Ahead of his recital as part of Abu Dhabi Classics this February, writer Camille Hogg talks to award-winning pianist Seong-Jin Cho about his journey to becoming a world-renowned classical musician and knocking K-Pop off the album charts
The moment that made Seong-Jin Cho’s career was on 20th October 2015.
Standing backstage in a hushed auditorium, the then-21-year-old Seong-Jin circled his wrists nervously before walking on stage, sitting at a highly polished Steinway piano and striking the first notes of Frederic Chopin’s Piano Concerto in E Minor, Opus 11.
The concert was not an ordinary one; it was the final stage of the notoriously difficult International Chopin Piano Competition, known for launching the careers of some of the most celebrated concert pianists in the world.
On that night, the young Korean pianist took home gold, as well as the knowledge that he’d finally made it.
“It’s a very difficult world in music,” he tells us. “There are so many great pianists that breaking out on your own is difficult.”
Yet despite his own win, Seong-Jin is not a fan of a process that judges a musician’s future success with competitions, and thinks talent cannot be judged by one performance.
“I don’t like the idea of competitions,” he confides. “It’s very difficult to judge the real art. Everybody has a different take of the music and different ears, which makes it difficult to truly rank the pianist. Some pianists are able to launch their careers without this process, but me, I was not lucky enough, and it gave me an opportunity.”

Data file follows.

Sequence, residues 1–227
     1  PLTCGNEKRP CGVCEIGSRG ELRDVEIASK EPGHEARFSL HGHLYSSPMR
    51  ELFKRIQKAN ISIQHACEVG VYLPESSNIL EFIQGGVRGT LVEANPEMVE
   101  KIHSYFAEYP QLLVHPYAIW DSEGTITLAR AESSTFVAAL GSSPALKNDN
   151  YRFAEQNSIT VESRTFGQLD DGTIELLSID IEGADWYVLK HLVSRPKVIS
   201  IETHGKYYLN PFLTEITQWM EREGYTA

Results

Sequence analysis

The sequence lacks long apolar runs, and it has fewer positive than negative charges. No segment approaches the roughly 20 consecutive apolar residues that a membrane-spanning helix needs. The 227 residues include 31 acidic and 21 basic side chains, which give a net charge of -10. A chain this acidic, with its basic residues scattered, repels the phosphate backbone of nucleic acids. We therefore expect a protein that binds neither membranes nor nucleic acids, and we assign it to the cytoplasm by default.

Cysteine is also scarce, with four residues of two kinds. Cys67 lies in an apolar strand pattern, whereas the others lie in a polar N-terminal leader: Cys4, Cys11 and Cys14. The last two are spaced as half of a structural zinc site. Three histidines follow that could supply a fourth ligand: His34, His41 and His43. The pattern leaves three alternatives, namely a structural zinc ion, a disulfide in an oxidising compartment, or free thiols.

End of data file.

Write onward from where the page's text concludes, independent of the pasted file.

Seong-Jin’s journey to this point began when he was six and decided that all he wanted to do was play the piano: “I also played the violin, but I don’t think I could have been a famous violinist,” he laughs when we ask. “I only liked playing the piano; I just wanted to play.”
As years of passion and work have become his career, Seong-Jin has taken everything life has thrown at him, including playing over 100 recitals a year, honing his craft to audiences of thousands and releasing an album that toppled K-pop off the top spot in his home country.
“I heard about that,” he says. “Classical music is less popular than K-pop, but I just hope that more and more people start to enjoy classical music. The audiences are very young in Korea, compared to Europe and the States. I think that’s a good thing.
“I can’t say I’m more confident now,” he chuckles self-deprecatingly, when asked if he thinks his style has matured since that landmark competition. “I think my performance style has changed – and I don’t know if it’s getting better, but I have new ideas [about] how to play a piece.”
It’s the new ideas and ways of reimagining the music of long-dead composers to fit with our day and age that make the young pianist so remarkable. Known for his ability to emote through the music while playing pieces of incredible complexity, his raw talent has wowed audiences from Tokyo to Berlin.
“When I play Chopin’s music, the music itself is very romantic and poetic, and it makes me feel sensitive,” he reflects. “But when I play Beethoven with the orchestra, I try to become a conductor on the piano. Your personality should change with the music.”
And for Seong-Jin, music isn’t just a one-sided exchange – the audience has their role to play, too: “After the concert, if there’s a good reaction, of course I’m happy. But it’s their reactions during the performance that are the most important. I really appreciate the audiences who concentrate on the music.”
Seong-Jin Cho will play two recitals in Abu Dhabi on 7th and 8th February. Tickets start from AED 105. For more information, visit: ticketmaster.ae